It’s nearly impossible to talk about the Amazing Spider-Man series without mentioning Sam Raimi’s original trilogy. Let me preface my review of The Amazing Spider-Man 2 by reminding you that I thoroughly enjoyed the Raimi versions (even Spider-Man 3). They were fun. I own the set. We are all in agreement on that. Having said that, I love Marc Webb’s Amazing Spider-Man series in a completely different way. It’s not fair to compare the two because they’re so drastically different. The tone, style and characters are unlike one another. It’s pointless to get hung up on the contrast. If you can get past that, you’ll see them as I see them: amazing. And The Amazing Spider-Man 2 is no different.
If you’ll remember from my review, I love The Amazing Spider-Man. The emoting mood won me over. I forgave it for its flimsy Lizard villain plot and wholly accepted its origins tale. While The Amazing Spider-Man 2 still suffers from a slightly weak – but improved – villain plot, its mood and amount of emotion is even stronger. For me, this is the better of the two – and that’s saying a lot considering how much I love the first.
Andrew Garfield and Emma Stone return as the leading lovers Peter Parker/Spider-Man and Gwen Stacey, respectively. The Amazing Spider-Man ended with Gwen’s police chief dad (Dennis Leary) dying after helping Spider-Man defeat The Lizard. In his last words, he made Peter promise to stay away from Gwen in order to keep her out of harm’s way. The Amazing Spider-Man 2 opens an untold amount of time after that. Peter is still with Gwen, but he’s torn about breaking his promise to her late father. This guilt is the root of Peter and Gwen’s rocky relationship. Director Marc Webb nailed realistic cinematic romance with his debut feature film (500) Days of Summer and he’s brought that same deep level of emotion to The Amazing Spider-Man 2. No comic book adaptation has yet done what Webb accomplishes here.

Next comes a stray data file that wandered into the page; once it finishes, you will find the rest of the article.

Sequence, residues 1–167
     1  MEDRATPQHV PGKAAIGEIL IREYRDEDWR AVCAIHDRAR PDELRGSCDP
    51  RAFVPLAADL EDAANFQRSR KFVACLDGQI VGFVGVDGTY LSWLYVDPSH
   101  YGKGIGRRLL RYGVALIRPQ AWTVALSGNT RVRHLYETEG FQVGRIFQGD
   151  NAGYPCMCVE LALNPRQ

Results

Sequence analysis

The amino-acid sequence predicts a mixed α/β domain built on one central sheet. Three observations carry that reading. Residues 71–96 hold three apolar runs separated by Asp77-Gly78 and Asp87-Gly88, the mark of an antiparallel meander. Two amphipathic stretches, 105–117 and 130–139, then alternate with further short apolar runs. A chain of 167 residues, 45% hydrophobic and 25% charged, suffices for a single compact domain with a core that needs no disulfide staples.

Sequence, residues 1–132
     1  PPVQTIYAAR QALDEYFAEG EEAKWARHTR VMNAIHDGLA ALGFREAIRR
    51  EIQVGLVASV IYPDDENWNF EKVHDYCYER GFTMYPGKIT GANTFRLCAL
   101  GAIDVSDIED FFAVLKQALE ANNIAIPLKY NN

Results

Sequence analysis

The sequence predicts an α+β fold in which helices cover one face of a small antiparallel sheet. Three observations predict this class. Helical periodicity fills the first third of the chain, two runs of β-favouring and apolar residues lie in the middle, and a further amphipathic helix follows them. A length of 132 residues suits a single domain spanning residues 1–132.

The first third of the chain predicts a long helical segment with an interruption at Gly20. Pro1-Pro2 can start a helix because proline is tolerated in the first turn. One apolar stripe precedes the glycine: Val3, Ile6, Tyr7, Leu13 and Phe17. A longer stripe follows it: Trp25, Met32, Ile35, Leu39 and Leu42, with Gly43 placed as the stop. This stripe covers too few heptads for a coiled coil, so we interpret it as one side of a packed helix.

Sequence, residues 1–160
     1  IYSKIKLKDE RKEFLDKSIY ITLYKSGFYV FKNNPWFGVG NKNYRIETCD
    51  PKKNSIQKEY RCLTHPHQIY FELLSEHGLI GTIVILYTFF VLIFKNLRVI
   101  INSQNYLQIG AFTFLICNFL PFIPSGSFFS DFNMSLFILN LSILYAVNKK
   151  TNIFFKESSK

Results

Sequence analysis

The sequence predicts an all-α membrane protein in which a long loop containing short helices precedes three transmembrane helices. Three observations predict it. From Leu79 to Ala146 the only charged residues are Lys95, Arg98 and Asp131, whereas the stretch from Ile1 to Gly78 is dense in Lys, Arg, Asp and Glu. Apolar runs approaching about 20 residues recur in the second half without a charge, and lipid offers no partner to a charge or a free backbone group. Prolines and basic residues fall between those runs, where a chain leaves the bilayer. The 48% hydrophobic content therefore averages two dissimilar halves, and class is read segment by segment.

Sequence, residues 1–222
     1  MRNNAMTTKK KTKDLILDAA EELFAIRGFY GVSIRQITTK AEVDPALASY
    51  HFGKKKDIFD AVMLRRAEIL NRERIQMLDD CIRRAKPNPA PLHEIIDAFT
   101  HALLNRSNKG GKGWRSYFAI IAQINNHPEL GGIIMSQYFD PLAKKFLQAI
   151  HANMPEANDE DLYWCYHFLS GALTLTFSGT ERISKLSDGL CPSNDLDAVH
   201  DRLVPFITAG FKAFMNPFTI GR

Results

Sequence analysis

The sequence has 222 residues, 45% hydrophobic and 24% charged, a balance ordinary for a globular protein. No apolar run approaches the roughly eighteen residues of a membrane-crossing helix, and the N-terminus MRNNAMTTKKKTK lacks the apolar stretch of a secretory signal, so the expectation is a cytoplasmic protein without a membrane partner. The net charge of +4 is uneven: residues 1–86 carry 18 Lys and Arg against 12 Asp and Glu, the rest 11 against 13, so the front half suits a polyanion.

At the same time as Peter and Gwen’s romantic troubles, we have two other plot elements bubbling up. First, there’s Max Dillon (Jamie Foxx), a selfish outcast Oscorp employee who longs to be noticed, popular and needed. When an electric accident turns him into a monster, Spider-Man – who just so happens to be Max’s hero – shows up to save the bystanders. As Spider-Man saves the day, Max (aka Electo) feels belittled by Spider-Man and swears vengeance.
Second, there’s the story of Peter’s childhood friend Harry Osborn (Dane DeHaan). When Peter’s parents died, Harry was the best friend there to console him. Now, with Harry losing his father, Peter returns the favor. But as he reconnects with his age-old friend, he sees what really lies in Harry’s heart and has to make some big decisions. Don’t worry – there’s never a cheesy teenage love triangle.
All three of these story elements – Peter and Gwen’s relationship, Spider-Man and Electro’s battles, and Peter and Harry’s friendship – all build up together very well. The sore thumb of the three is the Electro stuff, but it’s forgivable for two reasons: one, the action is amazing; and, two, the emotional build-up created by the other relationship bits is so strong that the violent action that results from Electro carries some truly heavy weight. Your heart will be thumping because of the emotional investment and connection that you’ve made with these characters. Everything that happens during this 142-minute movie is absolutely worth it because of that.
The Amazing Spider-Man is a perfect way to kick off the cinematic blockbuster season. It’s a solid, well-rounded comic book movie that’s much better than anything Disney’s Marvel has put out since The Avengers.
(Photo credit: Sony Pictures)